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Got a Messy Excel to Translate in memoQ?

2016-04-07

Excel files are of much pain for many translators, especially when customers populate Excel cells with HTML contents and/or placeholders such as $username. Most of the CAT tools are hard, if even possible, to configure to interpret cell contents as HTML content, so that HTML formatting tags such as <b> or <span> are rendered as tags instead of plain text content.

Bad and good ideas of customers show much greater variety than a CAT tool could be prepared to handle. memoQ from Kilgray, fortunately, supports many weird situations you may run into. Key features include the filter called Regex tagger, the Multilingual Delimited Text filter and Cascading filters. Cascading or chaining filters enables you to ask memoQ to process the results generated by one filter using another—for example you can create a filter chain in which the first filter is an Excel filter and the second is a HTML filter. This way if your Excel cells contain HTML text, the HTML will appear in memoQ as if you were importing an HTML file. And you can simply export the translated file to an Excel file.

Filter chaining, however, has some inherent limitations. For example, if the second filter is an HTML filter, it can obviously process HTML content, and it can not process content which is not sound HTML. If you receive an Excel file in which cells not only contain HTML text, but additional Excel formatting, such as colored text, you may run into an error message telling Inline tags and memoQ {tags} are allowed to appear only after the last chained filter. This means the first filter not only segmented the source content, but added memoQ tags, and the second filter did not expect any tags. How to come around this? The cascading filter published in this article may give you a solution.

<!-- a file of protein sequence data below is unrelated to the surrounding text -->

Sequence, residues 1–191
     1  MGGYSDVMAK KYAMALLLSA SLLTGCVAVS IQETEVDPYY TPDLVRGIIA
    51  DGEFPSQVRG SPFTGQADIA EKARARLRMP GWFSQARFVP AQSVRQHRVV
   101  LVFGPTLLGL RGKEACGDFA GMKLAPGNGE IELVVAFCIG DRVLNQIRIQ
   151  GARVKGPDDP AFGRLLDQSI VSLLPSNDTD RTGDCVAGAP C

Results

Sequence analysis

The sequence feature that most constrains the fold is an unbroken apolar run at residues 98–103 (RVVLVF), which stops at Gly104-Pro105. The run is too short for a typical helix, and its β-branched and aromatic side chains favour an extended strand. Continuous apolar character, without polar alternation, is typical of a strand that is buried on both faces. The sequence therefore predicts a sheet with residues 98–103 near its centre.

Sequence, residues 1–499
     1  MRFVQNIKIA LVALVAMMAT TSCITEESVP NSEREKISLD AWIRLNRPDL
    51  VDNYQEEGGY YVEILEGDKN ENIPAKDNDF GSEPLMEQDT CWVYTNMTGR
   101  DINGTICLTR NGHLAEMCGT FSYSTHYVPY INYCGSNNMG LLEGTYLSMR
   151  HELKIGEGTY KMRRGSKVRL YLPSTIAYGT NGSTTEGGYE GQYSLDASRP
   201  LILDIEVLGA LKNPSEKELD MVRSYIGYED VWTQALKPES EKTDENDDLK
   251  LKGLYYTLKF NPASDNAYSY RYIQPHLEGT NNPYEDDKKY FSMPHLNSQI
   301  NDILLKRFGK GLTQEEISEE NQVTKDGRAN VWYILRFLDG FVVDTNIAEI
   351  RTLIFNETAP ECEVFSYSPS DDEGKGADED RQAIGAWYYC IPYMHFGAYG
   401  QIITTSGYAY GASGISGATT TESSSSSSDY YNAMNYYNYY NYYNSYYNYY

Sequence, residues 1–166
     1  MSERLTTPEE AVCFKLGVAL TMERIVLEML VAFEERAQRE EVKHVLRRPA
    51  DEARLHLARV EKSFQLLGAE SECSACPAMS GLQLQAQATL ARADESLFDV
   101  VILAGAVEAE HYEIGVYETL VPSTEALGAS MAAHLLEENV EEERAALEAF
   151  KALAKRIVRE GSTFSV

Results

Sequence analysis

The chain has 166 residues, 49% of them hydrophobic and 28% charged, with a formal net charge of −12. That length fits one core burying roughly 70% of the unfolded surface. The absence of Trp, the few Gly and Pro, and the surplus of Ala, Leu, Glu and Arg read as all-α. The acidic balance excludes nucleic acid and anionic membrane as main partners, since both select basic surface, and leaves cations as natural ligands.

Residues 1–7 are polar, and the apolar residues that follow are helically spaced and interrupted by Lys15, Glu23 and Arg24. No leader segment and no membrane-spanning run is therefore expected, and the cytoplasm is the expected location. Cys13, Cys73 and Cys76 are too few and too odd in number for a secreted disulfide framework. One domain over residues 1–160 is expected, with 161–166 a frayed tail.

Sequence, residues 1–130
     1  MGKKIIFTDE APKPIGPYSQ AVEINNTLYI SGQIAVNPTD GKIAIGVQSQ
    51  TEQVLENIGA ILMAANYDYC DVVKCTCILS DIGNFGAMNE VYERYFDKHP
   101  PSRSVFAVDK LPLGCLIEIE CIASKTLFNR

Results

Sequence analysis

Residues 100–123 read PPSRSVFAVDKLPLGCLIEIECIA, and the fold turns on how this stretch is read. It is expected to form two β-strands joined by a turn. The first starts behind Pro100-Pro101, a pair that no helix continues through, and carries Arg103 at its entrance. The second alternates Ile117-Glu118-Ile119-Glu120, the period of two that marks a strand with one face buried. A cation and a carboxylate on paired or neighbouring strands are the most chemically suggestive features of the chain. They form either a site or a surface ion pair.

Step 1. View and Prepare the Source

Say you received the following source file (you can download it to test things).

Example source file, yet untouched

Example source file

You can observe three key things to handle:

  • Character formatting in B4.
  • HTML code in B4.
  • The placeholder $username in B3, which should not be translated, as the target system will replace it with the name of a user.

Well, it seems impossible. But hold on. Let’s just prepare this file as usual, and copy all the source to column C, labeling it Target:

Sample source file prepared to import to memoQ

Sample source file prepared to import to memoQ

Step 2. Install the Excel Complex Filter

Install the Excel Complex cascading filter for memoQ, available for free from Imprestige:

  1. Download the filter and save it to your computer, such as your Desktop.
  2. Unzip the file to your Desktop.
  3. Open memoQ, click memoQ > Resources > Resource Console to open the Resource Console.
  4. Click Filter Configurations.
  5. Click Import new under the table of installed filters.
  6. Select ChainedConverter#Excel Complex.mqres and click Open.

You are good to go. And you can delete the downloaded zip file and the extracted filter file, memoQ saved a copy of it to its folders.

Step 3. Import the Prepared File

Create your project in memoQ, if you did not yet create it. And now the magic:

  1. Click Document > the downward arrow on Import > Import with Options. Select your prepared file and click Open.